So does £1bn to revitalise stores and products and hire 8,000 extra staff make a difference? Not so far apparently and maybe it’s because it won’t make the slightest difference to Tesco’s attitude to its customers, because Tesco doesn’t think it has an attitude problem.

HP full steam on to the rocks

Last week HP’s market value fell to $27bn which is now below the $31bn it has spent on acquisitions in the last 5 years. Research has consistently shown that mergers and acquisitions usually destroy value. HP’s management seem bent on proving this by setting an all time record for value destruction. Indeed they may have already achieved it.
Market speculation is that the company may be broken up as the sum of its parts now looks significantly greater than the whole. What is clear is that it needs to do something radically different as the current strategy which is to straighten out the huge mess that is today’s HP seems highly unlikely to succeed.

Other stories from last week, worth a mention

Starbucks offer to pay voluntary corporation tax was an appropriate way to kick off the pantomime season and it was different!

Sir Philip Green’s 25pc sale of TopShop leaves his Arcadia Group debt free and with £600m to fuel further growth. Sir Philip doesn’t have to do anything different, just carry on doing what he is really good at. Unlike HP who seem determined not to do what they used to be really good at.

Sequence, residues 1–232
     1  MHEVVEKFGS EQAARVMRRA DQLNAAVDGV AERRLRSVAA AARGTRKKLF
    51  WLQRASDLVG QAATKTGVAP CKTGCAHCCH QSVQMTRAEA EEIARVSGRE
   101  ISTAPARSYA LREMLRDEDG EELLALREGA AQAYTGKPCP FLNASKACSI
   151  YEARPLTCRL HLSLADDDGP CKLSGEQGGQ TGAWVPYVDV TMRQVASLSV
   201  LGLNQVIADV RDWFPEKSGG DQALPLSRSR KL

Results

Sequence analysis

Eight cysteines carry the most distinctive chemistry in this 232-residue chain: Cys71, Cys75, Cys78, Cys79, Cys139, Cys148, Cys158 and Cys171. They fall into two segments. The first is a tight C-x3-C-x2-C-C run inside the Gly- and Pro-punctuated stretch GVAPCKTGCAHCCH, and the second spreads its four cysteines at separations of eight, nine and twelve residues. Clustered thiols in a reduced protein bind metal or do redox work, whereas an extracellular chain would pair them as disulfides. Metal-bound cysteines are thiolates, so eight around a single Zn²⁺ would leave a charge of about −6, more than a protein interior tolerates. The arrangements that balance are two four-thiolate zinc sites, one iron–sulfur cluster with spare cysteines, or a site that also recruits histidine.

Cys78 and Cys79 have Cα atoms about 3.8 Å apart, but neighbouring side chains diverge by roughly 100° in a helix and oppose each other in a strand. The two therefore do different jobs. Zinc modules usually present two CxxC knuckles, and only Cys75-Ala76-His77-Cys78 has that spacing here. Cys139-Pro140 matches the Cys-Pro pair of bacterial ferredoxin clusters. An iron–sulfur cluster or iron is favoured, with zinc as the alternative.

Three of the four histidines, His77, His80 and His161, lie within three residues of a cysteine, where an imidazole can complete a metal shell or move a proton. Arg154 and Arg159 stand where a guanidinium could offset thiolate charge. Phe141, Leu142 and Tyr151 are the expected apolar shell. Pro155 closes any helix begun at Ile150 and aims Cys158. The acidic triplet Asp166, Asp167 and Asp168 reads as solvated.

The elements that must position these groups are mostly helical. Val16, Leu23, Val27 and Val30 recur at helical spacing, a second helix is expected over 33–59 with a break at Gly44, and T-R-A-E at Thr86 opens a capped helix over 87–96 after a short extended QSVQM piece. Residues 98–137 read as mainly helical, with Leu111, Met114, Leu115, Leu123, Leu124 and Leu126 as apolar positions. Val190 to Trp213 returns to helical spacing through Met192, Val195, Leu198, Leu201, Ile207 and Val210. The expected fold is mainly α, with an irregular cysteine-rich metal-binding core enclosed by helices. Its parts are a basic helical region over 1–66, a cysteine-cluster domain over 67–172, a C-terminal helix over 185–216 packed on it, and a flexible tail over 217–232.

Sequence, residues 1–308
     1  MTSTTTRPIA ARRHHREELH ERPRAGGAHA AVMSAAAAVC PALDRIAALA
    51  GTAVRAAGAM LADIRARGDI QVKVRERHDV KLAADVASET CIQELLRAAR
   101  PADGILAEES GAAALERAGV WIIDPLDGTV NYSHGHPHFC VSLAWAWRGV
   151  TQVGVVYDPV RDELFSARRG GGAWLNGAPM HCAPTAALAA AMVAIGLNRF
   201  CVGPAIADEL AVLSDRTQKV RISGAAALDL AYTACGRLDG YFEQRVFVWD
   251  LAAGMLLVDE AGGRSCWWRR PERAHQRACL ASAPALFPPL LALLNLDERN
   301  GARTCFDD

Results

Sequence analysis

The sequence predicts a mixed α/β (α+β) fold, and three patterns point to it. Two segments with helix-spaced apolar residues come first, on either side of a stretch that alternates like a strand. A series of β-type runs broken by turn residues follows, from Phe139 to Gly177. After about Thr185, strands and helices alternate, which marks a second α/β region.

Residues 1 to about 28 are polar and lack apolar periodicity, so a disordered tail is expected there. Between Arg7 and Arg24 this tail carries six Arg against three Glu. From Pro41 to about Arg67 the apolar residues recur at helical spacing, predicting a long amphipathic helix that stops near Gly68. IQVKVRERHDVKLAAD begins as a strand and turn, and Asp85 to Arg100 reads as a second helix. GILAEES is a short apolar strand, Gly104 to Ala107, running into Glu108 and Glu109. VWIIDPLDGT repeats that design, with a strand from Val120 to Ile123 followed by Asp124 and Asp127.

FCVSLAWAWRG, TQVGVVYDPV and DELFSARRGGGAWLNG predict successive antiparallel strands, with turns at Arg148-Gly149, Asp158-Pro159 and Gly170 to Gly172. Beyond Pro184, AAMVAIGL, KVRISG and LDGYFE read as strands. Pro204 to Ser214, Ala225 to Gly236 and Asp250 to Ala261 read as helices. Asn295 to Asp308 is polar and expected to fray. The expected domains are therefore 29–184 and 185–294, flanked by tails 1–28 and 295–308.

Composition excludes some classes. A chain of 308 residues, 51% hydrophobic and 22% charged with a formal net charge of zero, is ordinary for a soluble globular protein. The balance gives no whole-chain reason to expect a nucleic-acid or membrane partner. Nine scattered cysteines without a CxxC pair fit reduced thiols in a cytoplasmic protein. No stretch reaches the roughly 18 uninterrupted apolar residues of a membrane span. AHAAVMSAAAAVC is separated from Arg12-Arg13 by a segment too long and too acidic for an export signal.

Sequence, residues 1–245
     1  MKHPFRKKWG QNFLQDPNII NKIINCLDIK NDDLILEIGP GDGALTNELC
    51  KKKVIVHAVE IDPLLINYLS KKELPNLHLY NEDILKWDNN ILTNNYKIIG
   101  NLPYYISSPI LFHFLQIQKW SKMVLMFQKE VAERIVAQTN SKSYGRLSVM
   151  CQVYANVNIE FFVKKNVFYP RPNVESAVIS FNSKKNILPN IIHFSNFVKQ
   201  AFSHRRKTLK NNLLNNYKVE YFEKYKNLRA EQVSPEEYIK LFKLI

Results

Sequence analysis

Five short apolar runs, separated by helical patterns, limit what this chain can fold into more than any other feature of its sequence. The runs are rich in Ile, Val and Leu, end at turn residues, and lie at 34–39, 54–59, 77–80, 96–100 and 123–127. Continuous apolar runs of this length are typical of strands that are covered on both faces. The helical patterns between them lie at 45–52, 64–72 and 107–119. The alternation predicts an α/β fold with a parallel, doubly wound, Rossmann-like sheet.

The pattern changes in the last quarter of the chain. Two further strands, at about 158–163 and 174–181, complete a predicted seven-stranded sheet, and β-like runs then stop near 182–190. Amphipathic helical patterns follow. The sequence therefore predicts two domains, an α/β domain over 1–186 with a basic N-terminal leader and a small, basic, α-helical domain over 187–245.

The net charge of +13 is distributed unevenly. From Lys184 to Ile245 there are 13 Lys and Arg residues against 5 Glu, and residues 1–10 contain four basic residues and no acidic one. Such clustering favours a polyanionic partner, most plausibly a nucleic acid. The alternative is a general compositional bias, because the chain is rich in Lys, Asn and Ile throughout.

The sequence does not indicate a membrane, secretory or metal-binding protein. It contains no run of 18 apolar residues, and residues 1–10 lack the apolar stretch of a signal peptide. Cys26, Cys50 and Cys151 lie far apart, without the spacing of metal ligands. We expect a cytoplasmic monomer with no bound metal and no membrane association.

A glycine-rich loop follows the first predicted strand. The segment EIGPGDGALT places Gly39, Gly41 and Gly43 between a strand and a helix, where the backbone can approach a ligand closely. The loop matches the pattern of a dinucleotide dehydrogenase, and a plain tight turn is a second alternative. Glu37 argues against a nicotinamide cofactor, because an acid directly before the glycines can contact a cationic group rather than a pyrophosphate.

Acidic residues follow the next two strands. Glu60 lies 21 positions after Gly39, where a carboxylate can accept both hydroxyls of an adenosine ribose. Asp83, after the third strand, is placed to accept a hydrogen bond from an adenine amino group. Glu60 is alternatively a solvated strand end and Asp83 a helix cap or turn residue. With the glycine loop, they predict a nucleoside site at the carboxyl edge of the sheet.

The report into the West Coast rail bid fiasco was published confirming what we already knew about the levels of incompetence and dishonesty at the DfT. Now it’s official will it make a difference? Not holding my breath.

The Tchenguiz brothers started their claim for £200m against the Serious Farce Office for losses incurred as a result of their wrongful arrest. This is the largest claim ever brought against a government department. You could almost wish them well until you remember it is us the taxpayers who will have to stump up the £200m. Those responsible for the mess at the SFO at the time have all left with large payoffs, again paid by us. So no change there then.

So that was some of the week before this week. We hope you found some of the above thought provoking and useful for you and your business. We trust you had a good weekend and hope you have a great week this week.